Miguel Almaguer touted "medical aid in dying" in California on Thursday's NBC Nightly News, as the state's new assisted suicide law went into effect. Almaguer showed a clear slant towards proponents of the legislation by playing four soundbites from supporters, versus only two from opponents. He also failed to mention that one booster of the new law was involved in a lawsuit against California's state government to gain the so-called "freedom to control her death."



Dr. John LaPook, chief medical correspondent for CBS Evening News, aired a largely one-sided report on Sunday's 60 Minutes that featured seven advocates for legalized assisted suicide for the terminally-ill. Dr. LaPook hinted at his slant during the introduction to the segment: "We wanted to hear from patients and family members who've experienced it, and are fighting to make it legal nationwide." The journalist/doctor, who donated $20,000 to the DNC in 2004, only included one talking head who spoke against legalization — a doctor in Oregon who "faced these issues with his own wife...when she was dying of cancer."



Friday's CBS Evening News gave a one-sided preview of a euthanasia segment on an upcoming episode of 60 Minutes. The nearly two-minute long segment from Dr. Jon LaPook featured two of the most prominent supporters of euthanasia proponent Brittany Maynard — her husband, Dan Diaz, and the doctor who prescribed the lethal drugs she used to kill herself in November 2014. Scott Pelley noted that Dr. LaPook's 60 Minutes report would feature "the opponents of physician-assisted suicide," but failed to includes soundbites from these opponents during the preview on the evening newscast.



CNN wasn't interested in balance on Tuesday, as three straight programs brought on pro-euthanasia activists to tout California's new "End of Life Option Act," which was signed into law on Monday. All three also left out opponents of the legislation. CNN Newsroom featured a man whose wife was the subject of a HBO documentary titled How to Die in Oregon. On At This Hour, Kate Bolduan hyped the "groundbreaking move," and interviewed a "right to die advocate" with terminal cancer. Legal View turned to the widower of pro-euthanasia activist Brittany Maynard, who took her life in November 2014.



On Thursday, the CBS Evening News pushed a heavily slanted report on assisted suicide a day before the California State Senate will vote on whether or not to legalize the matter in the Golden State that would be modeled after Oregon’s law allowing doctors to provide lethal medication to extremely ill patients. In the three-minute-and-three-second segment, only 32 seconds were devoted to the pro-life cause against euthanasia that chief medical correspondent Dr. Jon LaPook ruled will not be settled anytime soon.



If CNN is searching for reasons why its ratings are at an all-time low, it doesn't need to look any further than one entry in its group of "11 extraordinary people of 2014" published on December 5.

Aside from the inanity of publishing such an annual list almost four weeks before year's end — as if no extraordinary people or extraordinary acts ever take place in December — the network's fourth selection was patently offensive, and had no substantive basis for being considered "extraordinary."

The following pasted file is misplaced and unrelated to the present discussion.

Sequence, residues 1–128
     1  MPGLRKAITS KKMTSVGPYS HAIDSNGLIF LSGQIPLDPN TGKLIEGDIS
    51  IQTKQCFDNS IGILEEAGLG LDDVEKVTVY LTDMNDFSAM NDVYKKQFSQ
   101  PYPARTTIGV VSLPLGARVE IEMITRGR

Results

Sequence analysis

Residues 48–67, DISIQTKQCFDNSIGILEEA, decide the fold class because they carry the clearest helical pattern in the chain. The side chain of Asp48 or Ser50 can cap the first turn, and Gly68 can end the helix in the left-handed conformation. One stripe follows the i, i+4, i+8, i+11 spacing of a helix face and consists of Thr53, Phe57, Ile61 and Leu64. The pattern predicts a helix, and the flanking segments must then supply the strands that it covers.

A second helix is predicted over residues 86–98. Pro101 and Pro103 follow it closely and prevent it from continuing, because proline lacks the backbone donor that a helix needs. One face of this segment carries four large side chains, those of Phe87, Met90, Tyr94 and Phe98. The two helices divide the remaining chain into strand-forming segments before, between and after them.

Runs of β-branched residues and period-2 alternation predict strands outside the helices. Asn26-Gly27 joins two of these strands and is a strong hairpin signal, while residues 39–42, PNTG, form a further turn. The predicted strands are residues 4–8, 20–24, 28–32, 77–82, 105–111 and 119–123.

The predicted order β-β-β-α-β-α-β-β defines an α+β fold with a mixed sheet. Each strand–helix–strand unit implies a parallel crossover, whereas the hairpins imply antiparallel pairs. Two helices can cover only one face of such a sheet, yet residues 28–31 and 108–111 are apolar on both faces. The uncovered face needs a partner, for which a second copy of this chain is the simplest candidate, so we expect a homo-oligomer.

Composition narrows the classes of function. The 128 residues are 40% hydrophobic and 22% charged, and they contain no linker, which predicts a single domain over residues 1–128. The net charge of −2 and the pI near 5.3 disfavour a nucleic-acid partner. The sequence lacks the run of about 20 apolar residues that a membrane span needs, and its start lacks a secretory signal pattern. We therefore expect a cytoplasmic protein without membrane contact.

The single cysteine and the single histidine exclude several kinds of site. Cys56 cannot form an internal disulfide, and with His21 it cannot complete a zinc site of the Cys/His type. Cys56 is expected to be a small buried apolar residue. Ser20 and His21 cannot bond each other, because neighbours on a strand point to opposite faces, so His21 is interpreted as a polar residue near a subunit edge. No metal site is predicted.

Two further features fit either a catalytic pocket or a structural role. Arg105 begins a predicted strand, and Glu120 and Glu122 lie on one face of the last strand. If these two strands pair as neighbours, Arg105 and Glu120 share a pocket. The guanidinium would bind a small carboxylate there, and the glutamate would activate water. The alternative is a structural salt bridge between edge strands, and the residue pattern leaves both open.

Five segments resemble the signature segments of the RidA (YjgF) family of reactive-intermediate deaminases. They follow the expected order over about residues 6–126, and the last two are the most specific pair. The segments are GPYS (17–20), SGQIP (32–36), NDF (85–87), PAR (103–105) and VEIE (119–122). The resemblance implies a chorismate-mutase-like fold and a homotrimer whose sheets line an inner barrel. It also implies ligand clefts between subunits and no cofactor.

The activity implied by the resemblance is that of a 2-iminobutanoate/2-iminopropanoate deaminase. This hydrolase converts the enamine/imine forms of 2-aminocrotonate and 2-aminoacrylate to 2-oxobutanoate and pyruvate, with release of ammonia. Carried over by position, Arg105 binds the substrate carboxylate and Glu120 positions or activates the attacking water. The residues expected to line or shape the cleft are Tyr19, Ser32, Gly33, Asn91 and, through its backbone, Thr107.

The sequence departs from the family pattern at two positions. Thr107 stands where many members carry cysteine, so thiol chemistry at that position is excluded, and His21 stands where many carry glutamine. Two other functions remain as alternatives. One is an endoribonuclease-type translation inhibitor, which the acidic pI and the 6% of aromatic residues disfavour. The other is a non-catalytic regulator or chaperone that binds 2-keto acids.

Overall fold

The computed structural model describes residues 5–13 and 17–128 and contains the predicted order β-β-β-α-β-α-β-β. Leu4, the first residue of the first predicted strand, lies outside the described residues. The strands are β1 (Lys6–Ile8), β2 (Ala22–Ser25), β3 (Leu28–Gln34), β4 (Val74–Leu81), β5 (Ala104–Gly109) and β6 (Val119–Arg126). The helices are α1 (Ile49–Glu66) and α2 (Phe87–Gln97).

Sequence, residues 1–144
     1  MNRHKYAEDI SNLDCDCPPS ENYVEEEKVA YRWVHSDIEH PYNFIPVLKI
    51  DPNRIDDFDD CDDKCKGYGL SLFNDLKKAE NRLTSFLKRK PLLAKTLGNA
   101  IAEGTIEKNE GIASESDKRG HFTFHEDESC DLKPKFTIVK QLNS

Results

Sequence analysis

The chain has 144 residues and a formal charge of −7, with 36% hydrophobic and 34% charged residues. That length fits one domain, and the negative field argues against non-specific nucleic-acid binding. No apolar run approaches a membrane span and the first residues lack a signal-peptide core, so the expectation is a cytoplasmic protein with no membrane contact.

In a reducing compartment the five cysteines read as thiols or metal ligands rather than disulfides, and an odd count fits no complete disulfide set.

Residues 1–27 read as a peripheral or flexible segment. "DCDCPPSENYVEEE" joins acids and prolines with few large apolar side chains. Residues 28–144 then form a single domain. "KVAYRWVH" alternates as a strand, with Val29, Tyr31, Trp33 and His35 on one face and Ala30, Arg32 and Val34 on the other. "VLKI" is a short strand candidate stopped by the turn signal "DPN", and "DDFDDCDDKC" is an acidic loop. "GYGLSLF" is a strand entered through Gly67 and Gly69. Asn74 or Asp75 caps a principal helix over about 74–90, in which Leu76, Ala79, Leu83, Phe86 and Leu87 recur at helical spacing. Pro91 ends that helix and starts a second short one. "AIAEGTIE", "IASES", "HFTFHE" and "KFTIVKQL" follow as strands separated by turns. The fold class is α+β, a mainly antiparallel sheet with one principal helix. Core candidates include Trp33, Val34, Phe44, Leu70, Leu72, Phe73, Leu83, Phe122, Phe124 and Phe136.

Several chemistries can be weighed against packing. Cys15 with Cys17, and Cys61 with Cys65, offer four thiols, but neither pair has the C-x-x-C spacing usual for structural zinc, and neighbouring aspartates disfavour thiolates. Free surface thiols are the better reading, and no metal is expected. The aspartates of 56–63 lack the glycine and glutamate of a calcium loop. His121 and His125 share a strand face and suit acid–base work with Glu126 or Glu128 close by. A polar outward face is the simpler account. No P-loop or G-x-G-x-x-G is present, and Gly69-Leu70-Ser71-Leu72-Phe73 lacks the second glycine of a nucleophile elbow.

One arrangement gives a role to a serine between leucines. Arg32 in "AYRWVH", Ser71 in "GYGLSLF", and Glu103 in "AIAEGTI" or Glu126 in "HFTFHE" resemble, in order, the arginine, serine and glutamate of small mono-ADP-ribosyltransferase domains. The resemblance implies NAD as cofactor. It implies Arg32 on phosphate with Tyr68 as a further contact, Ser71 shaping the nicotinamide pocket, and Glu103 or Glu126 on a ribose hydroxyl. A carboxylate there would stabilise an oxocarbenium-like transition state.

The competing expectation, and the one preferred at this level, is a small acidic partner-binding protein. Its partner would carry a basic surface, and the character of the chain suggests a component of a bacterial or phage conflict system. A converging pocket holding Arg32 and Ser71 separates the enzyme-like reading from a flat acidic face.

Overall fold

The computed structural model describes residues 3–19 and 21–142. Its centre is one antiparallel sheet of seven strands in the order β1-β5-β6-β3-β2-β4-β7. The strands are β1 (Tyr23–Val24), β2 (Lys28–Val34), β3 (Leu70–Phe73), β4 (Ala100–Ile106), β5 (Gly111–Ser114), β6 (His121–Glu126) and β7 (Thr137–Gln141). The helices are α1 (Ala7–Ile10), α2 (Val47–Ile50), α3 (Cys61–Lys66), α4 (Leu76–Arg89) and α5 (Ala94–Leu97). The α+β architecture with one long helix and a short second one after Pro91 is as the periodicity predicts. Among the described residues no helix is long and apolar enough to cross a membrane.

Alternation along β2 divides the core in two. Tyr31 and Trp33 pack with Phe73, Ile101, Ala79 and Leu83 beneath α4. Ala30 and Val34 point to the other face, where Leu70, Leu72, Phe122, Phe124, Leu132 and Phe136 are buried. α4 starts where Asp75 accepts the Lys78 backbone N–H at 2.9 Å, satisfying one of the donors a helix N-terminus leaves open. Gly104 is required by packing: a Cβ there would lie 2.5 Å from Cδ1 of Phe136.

It would seem that not everyone on the left side of the political spectrum has a tolerant attitude towards Hispanics, if a segment on Wednesday's The Last Word on MSNBC is any indication. Hours before President Obama is expected to take executive action to legalize millions of Latin American illegal immigrants, guest Anita Freeman blamed the "very high Latino population" for California's failure to legalize euthanasia, as they "seem to go with [the] Catholic religion."



Wednesday's CBS This Morning played up how "the Vatican is under fire from the mother of a woman who ended her own life." Jan Crawford's spotlighted Deborah Ziegler's "sharply-worded letter" to opponents of euthanasia, especially Pope Francis and the Catholic Church. Ziegler's daughter, Brittany Maynard, committed suicide on November 1, 2014, after being diagnosed with terminal brain cancer, and became the face of the pro-euthanasia movement during her final days.



NBC's Today and CBS This Morning both led their broadcasts on Monday with euthanasia advocate Brittany Maynard's drug-induced suicide. The morning shows' anchors sang the praises of the "beautiful, brave young woman," as Gayle King labeled Maynard. Charlie Rose touted how the cancer patient's "short and meaningful life is over." Savannah Guthrie gushed, "What a remarkable young woman, and to share it with everyone, obviously, took a lot of courage."



It’s a sad excuse for what should be a saddening obituary.

Twenty-nine-year-old Brittany Maynard tragically chose to end her life on Nov. 2, after being diagnosed with glioblastoma, a form of terminal brain cancer. Having moved to Oregon from California, she took advantage of the state’s Death with Dignity Act, in which a physician can legally supply fatal medication.